Category Archives: Luxembourg

Translation: Fear and Loathing about the Luxleaks process

Angsch a schrécken zu Lëtzebuerg” (Fear and Loathing in Luxembourg )is a Luxembourgian blog that publishes critical texts about current affairs in Luxembourg.  The downside is that usually most articles are in Luxembourgish  This makes it hard to share with the majority of my readers.  I thought that “Angscht a Schrecke mam Luxleaks-Prozess” would be a worthy read for more than just Luxembourgers.

Since the original article “Angscht a Schrecke mam Luxleaks-Prozess” licensed under Creative Commons Attribution-NonCommercial-ShareAlike 4.0 International License, I realized I could translate it.  I tried to keep as close to the original article as possible, which probably causes quite some Germanisms.  I don’t claim it’s a perfect translation and some things really can only be understood by knowing local culture, but still the gist should be just fine.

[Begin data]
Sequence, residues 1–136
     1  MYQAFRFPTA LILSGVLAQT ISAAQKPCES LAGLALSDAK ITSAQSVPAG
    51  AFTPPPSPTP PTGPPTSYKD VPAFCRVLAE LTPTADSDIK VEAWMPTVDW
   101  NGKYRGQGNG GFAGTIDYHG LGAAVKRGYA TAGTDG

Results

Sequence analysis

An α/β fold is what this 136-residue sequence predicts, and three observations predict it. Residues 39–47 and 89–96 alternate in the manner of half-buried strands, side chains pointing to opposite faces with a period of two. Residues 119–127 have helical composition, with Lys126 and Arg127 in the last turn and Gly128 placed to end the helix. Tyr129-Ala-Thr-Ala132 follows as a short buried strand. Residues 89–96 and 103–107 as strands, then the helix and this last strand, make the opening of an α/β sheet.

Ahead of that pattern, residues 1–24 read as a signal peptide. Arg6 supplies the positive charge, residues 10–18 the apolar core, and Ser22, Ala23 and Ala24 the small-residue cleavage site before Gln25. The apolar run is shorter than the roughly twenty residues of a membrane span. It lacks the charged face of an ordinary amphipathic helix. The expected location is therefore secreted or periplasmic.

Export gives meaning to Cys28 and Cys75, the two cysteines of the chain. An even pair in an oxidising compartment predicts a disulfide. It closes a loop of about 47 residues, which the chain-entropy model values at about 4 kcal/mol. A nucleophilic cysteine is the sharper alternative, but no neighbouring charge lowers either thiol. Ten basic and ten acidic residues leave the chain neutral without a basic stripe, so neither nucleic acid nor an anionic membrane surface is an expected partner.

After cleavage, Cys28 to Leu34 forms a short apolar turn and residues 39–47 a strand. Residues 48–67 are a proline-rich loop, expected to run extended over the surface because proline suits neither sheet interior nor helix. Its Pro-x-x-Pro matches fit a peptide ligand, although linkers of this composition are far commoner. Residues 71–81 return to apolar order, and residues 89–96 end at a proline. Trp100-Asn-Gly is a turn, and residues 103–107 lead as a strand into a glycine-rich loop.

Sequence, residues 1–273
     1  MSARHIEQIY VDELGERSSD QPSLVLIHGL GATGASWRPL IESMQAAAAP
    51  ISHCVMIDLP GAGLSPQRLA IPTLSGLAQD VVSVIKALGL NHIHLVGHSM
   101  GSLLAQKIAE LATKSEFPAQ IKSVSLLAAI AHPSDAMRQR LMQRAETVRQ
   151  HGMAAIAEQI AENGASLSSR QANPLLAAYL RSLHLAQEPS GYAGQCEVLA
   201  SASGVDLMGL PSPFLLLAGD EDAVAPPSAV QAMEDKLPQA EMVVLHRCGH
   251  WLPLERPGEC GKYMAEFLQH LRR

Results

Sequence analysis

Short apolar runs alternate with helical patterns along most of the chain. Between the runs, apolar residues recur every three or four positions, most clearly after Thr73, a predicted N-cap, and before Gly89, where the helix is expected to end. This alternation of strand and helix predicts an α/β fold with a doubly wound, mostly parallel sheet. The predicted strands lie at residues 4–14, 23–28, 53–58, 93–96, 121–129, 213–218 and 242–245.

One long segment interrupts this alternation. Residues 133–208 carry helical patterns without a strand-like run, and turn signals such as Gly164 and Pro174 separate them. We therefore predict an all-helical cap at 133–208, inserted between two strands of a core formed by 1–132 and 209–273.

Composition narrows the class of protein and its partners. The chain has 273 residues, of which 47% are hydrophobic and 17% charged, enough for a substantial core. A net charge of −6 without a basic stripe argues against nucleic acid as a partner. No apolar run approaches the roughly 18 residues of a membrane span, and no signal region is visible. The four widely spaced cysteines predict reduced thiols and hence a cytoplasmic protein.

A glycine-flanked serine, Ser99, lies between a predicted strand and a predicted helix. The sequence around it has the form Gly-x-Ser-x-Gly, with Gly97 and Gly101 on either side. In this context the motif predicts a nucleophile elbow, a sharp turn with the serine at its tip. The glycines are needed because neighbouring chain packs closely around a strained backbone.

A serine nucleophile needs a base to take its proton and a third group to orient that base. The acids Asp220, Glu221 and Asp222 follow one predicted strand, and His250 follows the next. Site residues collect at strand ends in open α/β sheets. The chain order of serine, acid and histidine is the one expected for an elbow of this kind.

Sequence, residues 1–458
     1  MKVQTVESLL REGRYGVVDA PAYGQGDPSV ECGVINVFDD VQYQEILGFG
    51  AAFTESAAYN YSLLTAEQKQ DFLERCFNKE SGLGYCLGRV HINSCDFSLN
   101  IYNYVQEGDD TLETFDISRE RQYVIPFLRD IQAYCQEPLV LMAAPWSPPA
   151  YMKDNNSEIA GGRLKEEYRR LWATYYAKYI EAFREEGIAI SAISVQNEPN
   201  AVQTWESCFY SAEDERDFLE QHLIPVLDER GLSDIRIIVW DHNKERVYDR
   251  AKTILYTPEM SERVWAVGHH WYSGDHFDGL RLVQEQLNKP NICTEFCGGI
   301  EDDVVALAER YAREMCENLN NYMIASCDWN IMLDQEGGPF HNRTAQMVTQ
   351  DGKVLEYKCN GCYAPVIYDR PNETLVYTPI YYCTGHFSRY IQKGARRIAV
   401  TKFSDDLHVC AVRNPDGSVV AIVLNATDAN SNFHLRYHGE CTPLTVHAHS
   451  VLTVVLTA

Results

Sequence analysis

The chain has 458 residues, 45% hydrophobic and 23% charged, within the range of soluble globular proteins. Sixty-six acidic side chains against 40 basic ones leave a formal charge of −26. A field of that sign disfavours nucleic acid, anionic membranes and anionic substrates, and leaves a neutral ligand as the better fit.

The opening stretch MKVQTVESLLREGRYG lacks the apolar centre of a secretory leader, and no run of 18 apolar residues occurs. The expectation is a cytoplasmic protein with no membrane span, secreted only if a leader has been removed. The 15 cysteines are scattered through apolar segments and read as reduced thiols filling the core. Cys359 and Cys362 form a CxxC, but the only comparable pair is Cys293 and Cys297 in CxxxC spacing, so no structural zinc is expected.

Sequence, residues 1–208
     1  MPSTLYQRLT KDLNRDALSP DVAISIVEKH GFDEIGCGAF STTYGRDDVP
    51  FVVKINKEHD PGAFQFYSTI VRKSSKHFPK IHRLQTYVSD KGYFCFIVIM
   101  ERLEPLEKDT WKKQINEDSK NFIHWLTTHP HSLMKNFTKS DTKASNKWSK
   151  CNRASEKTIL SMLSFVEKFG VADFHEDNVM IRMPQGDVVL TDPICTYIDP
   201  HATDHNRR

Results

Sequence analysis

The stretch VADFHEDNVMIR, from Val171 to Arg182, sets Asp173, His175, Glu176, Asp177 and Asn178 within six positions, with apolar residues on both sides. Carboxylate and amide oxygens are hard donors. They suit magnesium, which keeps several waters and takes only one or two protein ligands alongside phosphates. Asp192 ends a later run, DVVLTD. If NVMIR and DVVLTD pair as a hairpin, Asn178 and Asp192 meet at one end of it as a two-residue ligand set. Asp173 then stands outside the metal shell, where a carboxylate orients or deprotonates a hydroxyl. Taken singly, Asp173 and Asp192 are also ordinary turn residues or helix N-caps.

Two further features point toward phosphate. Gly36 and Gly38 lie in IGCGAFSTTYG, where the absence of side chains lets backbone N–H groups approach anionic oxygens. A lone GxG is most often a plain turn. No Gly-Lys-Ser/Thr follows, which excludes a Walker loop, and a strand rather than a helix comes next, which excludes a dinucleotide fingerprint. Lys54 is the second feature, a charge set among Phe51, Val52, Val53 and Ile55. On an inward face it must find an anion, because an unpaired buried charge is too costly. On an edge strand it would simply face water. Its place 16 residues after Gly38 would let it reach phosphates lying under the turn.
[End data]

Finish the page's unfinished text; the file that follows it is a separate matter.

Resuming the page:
Obviously, my own translation, is also licensed under CC BY-NC-SA 4.0.

Edit 2016-05-01@13h31CEST: Added the bold text “funny” about the fictional product “RulingCloud”.

 

Fear and Loathing about the Luxleaks process

30 April 2016 by Joël

A good friend of mine, told me once that people shouldn’t be using the expression “Kafkaesque” so often. In this style: “I was at the supermarket and there were no Kinder Maxi King, totally Kafkaesque!”. I think my good friend is right, but there are still situations where the expression is mandated. The Luxleaks process is one of these situations. The two whistle-blowers, Antione Deltour and Raphaël Halet and the journalist Édouard Perrin are on trial, as your probably already know.